The Day After (Or, Harper's Hangover)
This session of Parliament is done until September.
Bill C-38 has passed into law, and gay couples have the right to marry.
It's still hot and smoggy in Ottawa.
Gas still costs 80-plus cents a litre.
And Stephen Harper, despite all the warnings that Andrew has given him, is still acting like a politician in search of votes.
Conservative Leader Stephen Harper says if his party forms the next government, the law will be revisited.
Harper made the promise one day after suggesting the adoption of the law lacked legitimacy because it relied on the support of the separatist Bloc Québécois. Harper said he believes Bloc MPs are the legitimate representatives of Quebec voters. But he argues most Canadians aren't buying it as a final decision since most federalist MPs are opposed to same-sex marriage.
Harper says a Conservative government would hold a free vote for all MPs on the matter, rather than forcing cabinet ministers to vote with the government.
The reputation of "Wile E. Harper" is solidifying: a man who considers himself a genius, but whose tactics always wind up exploding in his face. And this latest one is an example.
Let's say this government collapses in the fall, a snap election is called, and Harper pulls out a win. (Remote, but possible.) Between now and then, potentially several hundred gay couples will have gotten married in Canada. If Harper decides to "revisit" the issue, is he going to repeal the law -- and let public opinion form the idea that he's declared all those marriages to be illegitimate? Or is he going to try to work out some fancy legalese to re-designate all those marriages as "civil unions"? Or is he going to declare the whole thing a provincial matter -- and be accused of playing into the hands of the separatists again?
This is the danger. Although I think the Civil Marriage Act is a bad law (I don't believe it goes far enough to protect religious freedoms), it at least has the advantage of being relatively simple. Revisiting this law would be like revising income tax laws. And Canadians don't like income tax laws because they're so complicated they can't be sure if they've broken it.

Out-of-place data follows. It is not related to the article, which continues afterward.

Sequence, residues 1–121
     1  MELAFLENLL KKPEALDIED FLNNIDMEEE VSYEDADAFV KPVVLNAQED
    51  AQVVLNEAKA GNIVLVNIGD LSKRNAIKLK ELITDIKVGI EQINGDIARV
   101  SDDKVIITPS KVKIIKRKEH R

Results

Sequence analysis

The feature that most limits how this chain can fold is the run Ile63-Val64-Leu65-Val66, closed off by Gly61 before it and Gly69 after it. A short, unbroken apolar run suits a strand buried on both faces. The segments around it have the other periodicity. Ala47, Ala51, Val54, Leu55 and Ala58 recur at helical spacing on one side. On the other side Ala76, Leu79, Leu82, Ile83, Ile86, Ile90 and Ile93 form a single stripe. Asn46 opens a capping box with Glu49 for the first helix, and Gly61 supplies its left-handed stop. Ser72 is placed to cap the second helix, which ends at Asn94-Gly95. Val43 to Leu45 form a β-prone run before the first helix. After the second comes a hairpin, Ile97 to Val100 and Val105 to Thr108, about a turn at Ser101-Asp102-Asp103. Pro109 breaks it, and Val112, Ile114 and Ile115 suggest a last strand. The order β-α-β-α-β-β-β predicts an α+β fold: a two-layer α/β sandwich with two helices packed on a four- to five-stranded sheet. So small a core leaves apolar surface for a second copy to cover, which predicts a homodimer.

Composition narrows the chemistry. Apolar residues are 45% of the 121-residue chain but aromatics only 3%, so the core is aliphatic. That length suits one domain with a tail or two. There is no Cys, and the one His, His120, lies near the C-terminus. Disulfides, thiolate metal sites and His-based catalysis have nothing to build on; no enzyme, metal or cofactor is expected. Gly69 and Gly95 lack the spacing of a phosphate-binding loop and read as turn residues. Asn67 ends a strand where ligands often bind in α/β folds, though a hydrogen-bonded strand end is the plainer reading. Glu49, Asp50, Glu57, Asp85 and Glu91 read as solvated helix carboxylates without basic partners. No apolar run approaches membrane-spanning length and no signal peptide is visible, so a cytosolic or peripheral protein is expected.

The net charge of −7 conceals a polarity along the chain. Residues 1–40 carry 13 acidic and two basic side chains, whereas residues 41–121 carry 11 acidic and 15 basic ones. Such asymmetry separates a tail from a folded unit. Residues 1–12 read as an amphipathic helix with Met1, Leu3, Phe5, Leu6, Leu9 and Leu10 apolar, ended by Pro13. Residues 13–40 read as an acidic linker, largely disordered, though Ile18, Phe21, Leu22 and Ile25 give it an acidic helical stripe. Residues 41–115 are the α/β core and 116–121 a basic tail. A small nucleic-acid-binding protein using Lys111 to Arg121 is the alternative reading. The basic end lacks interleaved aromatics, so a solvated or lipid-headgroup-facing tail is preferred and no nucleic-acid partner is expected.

I agree with Andrew: now that it's over with, this issue should die.
But I disagree with him on another point: he wants Harper and his brain trust to start talking about the Tory agenda, get it out into the public.
This is the wrong time for it. Summer is the time for kicking back and reflecting, to let the hair down. It's why the Mainstream Media always call July and August (particularly August) the silly season: politicians relax so much they do silly things.
Policy may be important, but people don't elect leaders based on policy. They elect them because they like to think they know the candidate.
Getting on the barbecue circuit is a step forward. Using the opportunity to talk about tax cuts is two steps back. What's needed isn't the policy wonk. What's needed is the man.
Does Harper jog? Bicycle? Does he like hip-hop? jazz? Can he dance with his wife? Can he sing? Can he grill a chicken without drying it out? Would he attempt to eat a 10-pound burger?
And just answering questions is not enough; you have to show your personality. At events where stage-managing is impossible to detect, if it happens at all. Hosting a segment of Juste pour rire, for example. Or roasting corn-on-the-cob at the Calgary Stampede. Or even -- dare I suggest it? -- treating Rick Mercer and his crew to poutine and pilsner at the local Hooters. That's the type of thing Stephen Harper should be doing.
(Hey -- Rick Mercer likes Brian Mulroney. So he's not likely to go rabid.)
There'll be plenty of time for the policy wonk stuff in the fall, when Parliament resumes. But for now, if Harper wants to prove he can be Prime Minister, he needs to get the people who vote for him to think of him -- not the frustrated politician à la John Kerry, but the Regular Non-Clarkian Joe.